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File Type: pdf TransfAmp1.pdf (29.4 KB, 30 views)
File Type: pdf TransfAmp2.pdf (32.4 KB, 42 views)
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Old 5th August 2012, 06:28 PM   #23
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This thread wraps up the experiments begun above using a bridge power amplifier [PYRAMID PB440X] driving a step-down toroid power transformer to create a great sounding output to GRADO SR80i headphones. The attached schematic has two Figures. Figure 1 is the same overall schematic I used above [TransAmp2], but with the following two modifications.
  • The primary windings of the transformer were connected in series so as to create a center tap. Ditto for the secondary windings, and thus generated 2 a differential output signals. The shaded triangles signify the absolute phase of the input and output signals.
  • The centar taps of the primary and secondary windings were connected with a 1,000 uF capacitor [note its polarity] and then referenced to ground via a 25 Ohm resistor. A kind of feedback [thus voiding the isolation between in and out] whereby the feedback loops of the power amplifiers may ensure that the differential signals at the primary and secondary windings are symmetrical. Alternatively the center tap of the primary can be grounded with the capacitor in place and with shown polarity. Ditto for the secondary center tap; but without a capacitor as there is no DC voltage on it.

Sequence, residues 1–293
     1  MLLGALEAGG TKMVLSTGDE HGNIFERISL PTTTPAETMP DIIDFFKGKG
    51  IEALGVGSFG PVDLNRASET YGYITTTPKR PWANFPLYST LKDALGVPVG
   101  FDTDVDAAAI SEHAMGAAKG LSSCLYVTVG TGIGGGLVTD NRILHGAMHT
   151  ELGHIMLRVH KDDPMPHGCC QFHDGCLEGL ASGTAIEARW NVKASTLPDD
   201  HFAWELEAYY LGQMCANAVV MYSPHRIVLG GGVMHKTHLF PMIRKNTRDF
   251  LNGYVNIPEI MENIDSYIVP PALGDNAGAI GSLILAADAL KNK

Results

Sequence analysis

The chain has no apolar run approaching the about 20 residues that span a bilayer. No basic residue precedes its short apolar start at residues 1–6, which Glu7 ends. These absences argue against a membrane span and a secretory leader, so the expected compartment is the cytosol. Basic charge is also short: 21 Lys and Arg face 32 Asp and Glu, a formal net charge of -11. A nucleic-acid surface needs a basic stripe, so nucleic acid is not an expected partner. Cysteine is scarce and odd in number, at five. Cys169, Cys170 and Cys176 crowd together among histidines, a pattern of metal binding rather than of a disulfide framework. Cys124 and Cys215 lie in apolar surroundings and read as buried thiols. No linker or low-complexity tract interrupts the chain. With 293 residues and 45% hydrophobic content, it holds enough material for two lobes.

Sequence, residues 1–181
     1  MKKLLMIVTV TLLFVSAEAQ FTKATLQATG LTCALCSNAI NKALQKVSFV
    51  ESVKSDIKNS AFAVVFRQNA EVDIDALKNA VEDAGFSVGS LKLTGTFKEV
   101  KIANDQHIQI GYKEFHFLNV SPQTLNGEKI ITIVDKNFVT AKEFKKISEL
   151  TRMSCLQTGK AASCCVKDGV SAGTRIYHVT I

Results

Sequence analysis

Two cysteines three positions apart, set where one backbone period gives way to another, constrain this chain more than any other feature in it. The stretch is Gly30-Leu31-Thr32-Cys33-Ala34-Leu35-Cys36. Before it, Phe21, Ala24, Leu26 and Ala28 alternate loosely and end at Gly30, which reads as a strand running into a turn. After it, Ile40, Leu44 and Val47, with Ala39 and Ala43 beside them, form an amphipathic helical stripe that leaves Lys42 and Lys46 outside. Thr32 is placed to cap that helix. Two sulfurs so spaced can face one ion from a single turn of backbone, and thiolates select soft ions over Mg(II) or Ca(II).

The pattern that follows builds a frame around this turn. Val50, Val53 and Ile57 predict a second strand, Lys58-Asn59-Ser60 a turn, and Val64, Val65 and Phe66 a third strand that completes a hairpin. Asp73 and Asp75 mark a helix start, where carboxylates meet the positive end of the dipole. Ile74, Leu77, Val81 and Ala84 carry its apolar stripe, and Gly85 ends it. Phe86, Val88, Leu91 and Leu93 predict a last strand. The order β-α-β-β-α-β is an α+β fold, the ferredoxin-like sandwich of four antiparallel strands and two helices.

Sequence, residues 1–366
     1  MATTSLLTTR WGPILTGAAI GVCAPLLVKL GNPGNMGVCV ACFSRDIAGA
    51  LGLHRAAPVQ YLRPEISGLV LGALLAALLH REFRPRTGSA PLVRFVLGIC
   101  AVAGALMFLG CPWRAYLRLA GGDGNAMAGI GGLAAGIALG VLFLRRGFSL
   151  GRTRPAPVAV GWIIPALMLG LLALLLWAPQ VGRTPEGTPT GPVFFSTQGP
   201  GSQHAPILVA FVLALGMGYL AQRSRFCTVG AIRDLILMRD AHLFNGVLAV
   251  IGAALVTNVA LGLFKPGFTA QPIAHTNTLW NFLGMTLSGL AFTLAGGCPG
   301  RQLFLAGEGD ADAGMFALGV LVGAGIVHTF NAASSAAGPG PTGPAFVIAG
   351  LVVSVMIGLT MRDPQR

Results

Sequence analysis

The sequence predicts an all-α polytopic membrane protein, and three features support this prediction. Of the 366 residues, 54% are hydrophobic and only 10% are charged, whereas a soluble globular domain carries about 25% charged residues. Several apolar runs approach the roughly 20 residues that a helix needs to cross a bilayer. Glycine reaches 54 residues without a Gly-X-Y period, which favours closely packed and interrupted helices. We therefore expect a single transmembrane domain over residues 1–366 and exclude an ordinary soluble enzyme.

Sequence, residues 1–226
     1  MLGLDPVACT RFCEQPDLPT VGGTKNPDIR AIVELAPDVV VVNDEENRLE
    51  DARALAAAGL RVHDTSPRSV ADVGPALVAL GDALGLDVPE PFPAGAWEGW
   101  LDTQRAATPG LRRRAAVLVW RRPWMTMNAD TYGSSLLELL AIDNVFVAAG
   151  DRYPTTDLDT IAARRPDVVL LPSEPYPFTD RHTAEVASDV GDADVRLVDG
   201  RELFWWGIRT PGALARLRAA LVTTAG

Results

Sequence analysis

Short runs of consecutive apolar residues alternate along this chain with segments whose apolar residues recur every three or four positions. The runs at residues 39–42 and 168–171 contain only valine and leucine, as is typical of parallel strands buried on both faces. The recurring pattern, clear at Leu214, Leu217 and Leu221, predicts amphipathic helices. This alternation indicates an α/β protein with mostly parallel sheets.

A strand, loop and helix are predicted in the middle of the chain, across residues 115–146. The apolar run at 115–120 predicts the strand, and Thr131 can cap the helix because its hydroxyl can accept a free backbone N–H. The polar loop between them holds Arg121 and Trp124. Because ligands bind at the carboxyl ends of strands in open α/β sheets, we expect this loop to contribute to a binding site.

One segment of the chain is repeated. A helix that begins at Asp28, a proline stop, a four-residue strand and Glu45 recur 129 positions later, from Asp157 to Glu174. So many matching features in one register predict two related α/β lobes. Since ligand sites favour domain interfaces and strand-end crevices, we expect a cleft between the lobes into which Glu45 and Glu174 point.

Figure 2 shows the connection of the headphones to the secondary windings of two transformers [in stereo]. It works great. But notice that the common lead of the headphones [green] shorts out 1/2 the differential outputs of the secondaries. It also generates an imbalance [signal] at the center taps of the secondary where there should none. This signal is further communicated to the primary and the power amplifiers. Clearly, the common lead [greens] of the headphones must be electrically separated into one for the R phone and another for the L Phone to fully benefit from the differential outputs at the secondaries.

The GRADO headphones sounded great. The amp delivered ample bass energy, level, and frequency response.

The Helmet Headphones [many threads ago, 8 ohms per side] were plugged in instead of GRADO. The 8 Ohm non-inductive resistor{s} across the secondary [Fig. 1] were removed. The return ground leads of the helmet headphones [green] are already separated. It sounded different and acceptable. The power output at the secondary was plenty to drive these speakers to loud levels.

This headphone amp is powerful and detailed. It is easy to assemble, experiment with, and use to reproduce music.

I will continue to nurture this topic of "A headphone Transconductance amp for a change !".
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File Type: pdf TransfAmp3.pdf (55.6 KB, 58 views)